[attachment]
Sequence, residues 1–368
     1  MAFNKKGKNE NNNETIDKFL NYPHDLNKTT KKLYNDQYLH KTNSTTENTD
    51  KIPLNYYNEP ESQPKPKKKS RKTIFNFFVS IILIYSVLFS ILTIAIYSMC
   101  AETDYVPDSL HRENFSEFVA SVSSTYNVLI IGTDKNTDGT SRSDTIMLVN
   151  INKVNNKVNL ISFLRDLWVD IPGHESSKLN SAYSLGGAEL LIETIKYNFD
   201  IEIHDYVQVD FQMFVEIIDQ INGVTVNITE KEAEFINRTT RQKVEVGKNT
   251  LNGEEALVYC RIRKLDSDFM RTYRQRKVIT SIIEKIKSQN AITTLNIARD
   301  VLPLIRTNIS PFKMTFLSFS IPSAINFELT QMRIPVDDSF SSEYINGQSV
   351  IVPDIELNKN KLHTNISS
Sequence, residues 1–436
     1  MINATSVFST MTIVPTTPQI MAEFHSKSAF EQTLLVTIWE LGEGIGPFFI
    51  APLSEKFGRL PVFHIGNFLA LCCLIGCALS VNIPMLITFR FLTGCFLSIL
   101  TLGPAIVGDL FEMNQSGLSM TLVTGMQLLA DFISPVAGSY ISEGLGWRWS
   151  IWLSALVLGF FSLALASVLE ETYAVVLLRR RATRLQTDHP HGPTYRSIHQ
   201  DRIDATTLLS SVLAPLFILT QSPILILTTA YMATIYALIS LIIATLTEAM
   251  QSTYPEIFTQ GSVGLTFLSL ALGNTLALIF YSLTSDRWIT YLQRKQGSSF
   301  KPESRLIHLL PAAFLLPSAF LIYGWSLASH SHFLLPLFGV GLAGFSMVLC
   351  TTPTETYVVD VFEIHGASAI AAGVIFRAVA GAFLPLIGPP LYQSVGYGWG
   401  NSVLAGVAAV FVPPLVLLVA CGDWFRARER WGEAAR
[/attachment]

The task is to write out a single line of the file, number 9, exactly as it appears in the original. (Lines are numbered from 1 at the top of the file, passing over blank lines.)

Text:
   351  IVPDIELNKN KLHTNISS